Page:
Chrome Engineering Director Vinay Goel announced in a blog post, “We need to move at a responsible pace, allowing sufficient time for public discussion on the right solutions and for publishers and the advertising industry to migrate their services. This is important to avoid jeopardizing the business models of many web publishers which support freely available content.”
The internet giant said it had postponed the transformation as part of a collection of adjustments to what Google calls its Privacy Sandbox, to chart a better course for advertisers and everyone else on the web. FLOC was the first venture under Google’s Privacy Sandbox initiative. In an update, the company stated, “The Privacy Sandbox will provide the best privacy protections for everyone. By ensuring that the ecosystem can support their businesses without tracking individuals across the web, we can ensure that free access to content continues… We must take time to evaluate the new technologies, gather feedback and iterate to ensure they meet our goals for both privacy and performance.”
Nevertheless, Chrome’s competitor Brave cautions that “Privacy Sandbox is designed to serve advertisers as much as possible, with the hope that users will tolerate it, or not notice. This is antithetical to how privacy software should be designed, and incompatible with a user-focused web.”
In a Forbes article, researchers Tommy Mysk and Talal Haj Bakry state: “Google’s Privacy Sandbox blogs highlight that third-party cookies undermine user privacy, yet they’re allowed by default in Chrome. A more privacy-preserving approach would be to make third-party cookies opt-in immediately instead of waiting for a replacement, such as FLOC, to materialize.”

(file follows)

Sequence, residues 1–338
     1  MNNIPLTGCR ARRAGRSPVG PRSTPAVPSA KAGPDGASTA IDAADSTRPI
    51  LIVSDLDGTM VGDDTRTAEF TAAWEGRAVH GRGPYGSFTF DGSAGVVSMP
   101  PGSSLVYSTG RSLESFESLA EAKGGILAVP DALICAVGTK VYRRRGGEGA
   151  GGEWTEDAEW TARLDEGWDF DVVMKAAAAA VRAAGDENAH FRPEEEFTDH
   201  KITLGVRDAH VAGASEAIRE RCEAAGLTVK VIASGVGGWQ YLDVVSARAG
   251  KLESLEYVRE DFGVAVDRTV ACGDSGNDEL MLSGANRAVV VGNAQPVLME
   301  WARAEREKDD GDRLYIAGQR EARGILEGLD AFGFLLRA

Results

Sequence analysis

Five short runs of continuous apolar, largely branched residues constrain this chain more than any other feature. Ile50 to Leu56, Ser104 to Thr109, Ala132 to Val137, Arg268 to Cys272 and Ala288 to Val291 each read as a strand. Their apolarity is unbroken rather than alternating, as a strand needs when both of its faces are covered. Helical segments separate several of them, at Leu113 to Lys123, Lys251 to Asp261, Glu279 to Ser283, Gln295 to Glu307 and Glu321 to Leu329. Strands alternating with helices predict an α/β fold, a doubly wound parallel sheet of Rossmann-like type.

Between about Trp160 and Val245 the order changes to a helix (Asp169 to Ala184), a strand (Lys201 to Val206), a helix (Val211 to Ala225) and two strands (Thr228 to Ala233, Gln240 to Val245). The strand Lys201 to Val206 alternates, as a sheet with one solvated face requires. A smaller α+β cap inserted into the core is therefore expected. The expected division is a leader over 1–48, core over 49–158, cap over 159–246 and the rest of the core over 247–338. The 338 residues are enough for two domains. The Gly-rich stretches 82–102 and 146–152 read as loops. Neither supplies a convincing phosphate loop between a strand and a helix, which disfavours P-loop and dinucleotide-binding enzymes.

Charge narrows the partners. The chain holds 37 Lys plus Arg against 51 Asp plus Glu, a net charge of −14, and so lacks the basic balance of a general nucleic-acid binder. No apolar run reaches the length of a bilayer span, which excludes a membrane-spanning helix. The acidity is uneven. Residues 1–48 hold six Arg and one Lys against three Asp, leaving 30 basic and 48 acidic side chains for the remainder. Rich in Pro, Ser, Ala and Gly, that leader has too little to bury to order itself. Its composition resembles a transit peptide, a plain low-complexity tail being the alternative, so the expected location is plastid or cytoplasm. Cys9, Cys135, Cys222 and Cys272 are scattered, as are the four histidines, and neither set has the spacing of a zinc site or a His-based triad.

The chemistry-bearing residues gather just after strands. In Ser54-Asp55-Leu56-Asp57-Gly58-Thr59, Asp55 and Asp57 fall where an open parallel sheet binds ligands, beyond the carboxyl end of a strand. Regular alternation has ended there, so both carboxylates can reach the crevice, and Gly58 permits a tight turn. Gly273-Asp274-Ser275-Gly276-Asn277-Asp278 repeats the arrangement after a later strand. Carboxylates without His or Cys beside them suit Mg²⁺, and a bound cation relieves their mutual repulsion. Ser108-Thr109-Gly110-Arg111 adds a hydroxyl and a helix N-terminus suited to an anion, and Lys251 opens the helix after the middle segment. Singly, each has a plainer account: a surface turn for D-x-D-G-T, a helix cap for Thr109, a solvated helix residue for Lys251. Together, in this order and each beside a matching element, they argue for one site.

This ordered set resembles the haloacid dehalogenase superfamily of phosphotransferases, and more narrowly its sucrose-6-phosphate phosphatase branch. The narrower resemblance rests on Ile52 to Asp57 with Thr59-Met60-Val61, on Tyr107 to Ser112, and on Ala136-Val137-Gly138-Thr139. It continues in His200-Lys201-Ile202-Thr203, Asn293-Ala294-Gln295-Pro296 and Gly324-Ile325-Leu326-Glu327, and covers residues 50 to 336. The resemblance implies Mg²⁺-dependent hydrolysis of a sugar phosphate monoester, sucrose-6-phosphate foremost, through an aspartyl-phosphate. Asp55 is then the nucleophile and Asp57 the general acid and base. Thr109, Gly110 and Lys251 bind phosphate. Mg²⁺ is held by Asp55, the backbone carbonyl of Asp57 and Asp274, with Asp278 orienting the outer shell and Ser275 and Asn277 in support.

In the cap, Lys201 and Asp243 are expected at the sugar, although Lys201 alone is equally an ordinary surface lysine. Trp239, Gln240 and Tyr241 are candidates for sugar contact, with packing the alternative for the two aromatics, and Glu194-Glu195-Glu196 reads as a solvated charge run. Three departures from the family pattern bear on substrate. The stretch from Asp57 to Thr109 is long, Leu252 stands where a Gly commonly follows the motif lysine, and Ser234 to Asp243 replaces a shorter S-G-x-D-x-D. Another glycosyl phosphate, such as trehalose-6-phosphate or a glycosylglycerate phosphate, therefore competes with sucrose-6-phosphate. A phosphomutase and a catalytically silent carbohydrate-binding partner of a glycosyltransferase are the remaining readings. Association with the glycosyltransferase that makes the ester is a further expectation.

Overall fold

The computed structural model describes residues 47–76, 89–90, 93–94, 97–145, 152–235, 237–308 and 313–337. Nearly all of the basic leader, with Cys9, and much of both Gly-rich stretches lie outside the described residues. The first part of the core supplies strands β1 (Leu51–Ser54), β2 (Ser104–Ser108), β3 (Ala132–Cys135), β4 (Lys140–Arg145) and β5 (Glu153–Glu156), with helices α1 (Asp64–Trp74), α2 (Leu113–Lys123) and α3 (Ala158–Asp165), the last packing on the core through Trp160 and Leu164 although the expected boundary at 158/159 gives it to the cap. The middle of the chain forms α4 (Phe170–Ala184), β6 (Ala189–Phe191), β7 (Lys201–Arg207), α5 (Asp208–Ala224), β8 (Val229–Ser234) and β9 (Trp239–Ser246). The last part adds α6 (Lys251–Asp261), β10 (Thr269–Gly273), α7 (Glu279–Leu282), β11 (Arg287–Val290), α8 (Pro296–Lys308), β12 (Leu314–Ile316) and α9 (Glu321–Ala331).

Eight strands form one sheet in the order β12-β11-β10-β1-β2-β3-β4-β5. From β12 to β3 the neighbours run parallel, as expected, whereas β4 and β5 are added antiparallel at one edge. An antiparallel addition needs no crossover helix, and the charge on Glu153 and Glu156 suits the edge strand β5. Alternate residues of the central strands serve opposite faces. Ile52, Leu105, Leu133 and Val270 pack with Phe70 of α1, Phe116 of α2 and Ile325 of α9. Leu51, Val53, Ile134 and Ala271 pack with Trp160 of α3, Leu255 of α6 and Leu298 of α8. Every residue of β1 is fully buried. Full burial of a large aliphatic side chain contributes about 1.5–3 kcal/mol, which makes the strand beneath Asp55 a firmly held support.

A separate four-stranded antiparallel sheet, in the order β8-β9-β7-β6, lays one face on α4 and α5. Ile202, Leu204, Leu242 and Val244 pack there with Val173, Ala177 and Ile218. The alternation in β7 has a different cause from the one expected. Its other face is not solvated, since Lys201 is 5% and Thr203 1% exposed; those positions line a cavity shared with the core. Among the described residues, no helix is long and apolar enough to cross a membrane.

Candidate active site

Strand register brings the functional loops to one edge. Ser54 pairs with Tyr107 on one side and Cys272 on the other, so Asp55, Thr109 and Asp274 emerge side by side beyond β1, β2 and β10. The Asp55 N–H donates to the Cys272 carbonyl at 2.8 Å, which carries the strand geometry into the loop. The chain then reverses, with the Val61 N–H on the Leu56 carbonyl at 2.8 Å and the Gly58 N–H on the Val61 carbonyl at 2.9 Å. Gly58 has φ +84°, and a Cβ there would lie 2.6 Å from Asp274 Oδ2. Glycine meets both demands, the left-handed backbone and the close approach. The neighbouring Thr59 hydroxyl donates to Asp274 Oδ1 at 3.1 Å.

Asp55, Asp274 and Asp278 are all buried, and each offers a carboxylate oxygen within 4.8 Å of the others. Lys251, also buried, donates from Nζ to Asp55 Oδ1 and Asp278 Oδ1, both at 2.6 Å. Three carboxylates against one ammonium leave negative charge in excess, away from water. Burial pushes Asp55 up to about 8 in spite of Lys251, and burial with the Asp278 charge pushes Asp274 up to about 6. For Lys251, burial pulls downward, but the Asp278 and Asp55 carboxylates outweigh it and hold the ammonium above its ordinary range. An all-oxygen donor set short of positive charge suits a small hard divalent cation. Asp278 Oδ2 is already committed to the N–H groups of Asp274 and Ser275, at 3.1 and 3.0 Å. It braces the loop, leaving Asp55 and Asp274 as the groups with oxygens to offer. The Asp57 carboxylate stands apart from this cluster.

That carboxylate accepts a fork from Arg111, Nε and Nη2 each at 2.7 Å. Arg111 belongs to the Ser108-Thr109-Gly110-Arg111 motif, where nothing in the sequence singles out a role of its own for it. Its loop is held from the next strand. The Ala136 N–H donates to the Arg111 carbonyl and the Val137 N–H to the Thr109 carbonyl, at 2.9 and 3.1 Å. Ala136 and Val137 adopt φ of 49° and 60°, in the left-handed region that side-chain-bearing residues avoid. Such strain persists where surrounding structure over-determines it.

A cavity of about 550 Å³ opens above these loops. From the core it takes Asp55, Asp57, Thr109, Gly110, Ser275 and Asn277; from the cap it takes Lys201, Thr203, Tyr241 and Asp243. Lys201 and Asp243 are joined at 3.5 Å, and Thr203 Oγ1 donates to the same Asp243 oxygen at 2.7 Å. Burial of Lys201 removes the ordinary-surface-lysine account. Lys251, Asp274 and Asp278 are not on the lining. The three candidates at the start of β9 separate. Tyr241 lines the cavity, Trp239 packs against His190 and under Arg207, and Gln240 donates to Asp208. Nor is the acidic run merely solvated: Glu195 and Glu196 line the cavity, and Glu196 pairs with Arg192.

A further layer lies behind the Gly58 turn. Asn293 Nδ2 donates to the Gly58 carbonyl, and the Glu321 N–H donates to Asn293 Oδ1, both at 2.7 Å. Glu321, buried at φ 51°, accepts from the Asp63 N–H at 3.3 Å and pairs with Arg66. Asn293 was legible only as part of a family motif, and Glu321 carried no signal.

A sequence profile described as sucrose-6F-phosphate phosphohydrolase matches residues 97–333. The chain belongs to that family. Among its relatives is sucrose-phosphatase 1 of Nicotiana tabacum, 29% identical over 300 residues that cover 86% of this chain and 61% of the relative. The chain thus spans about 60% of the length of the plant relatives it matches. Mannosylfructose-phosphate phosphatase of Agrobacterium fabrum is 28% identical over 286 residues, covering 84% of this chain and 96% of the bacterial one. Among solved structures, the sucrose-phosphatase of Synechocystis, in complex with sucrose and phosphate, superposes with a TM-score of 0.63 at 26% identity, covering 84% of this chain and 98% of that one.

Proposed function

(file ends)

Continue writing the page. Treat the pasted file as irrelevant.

Into the Pressure Cooker
It’s startling to know that Google made this announcement roughly a month after Apple introduced “App Tracking Transparency” with its iOS 14.5 update with their Privacy above all messaging kept steadfast.
Moreover, FLOC is Google’s answer to a Google created issue. The U.K.’s Competition and Markets Authority (CMA) is presently inspecting “whether [FLOC] could compel advertising spend to become even more concentrated on Google’s ecosystem at the expense of its competitors,” and a similar inspection is examining into whether “Google has made it harder for rival online advertising services to compete.”
Additionally, the deferment comes amid greater pressure on Silicon Valley giants to fix the internet’s privacy problem. Legislation such as Europe’s GDPR and the California Consumer Privacy Act (CCPA) target the data collection that Google and other companies desire for better targeting the advertisements they deliver. The ad tech industry doesn’t have forever to change course because any particular entity is dissatisfied.
The broader issue though is the unrealistic one to resolve. FLOC works in isolation, in theory. If the site genuinely only discloses your cohort ID, then that could disguise you anonymously. Nevertheless, in reality, the website and the data brokers and trackers sitting behind it have other data points too. The user IP address, the identifiers associated with the browser and Operating System, clearly any information you give to the site or that it holds on you as a customer or registered user.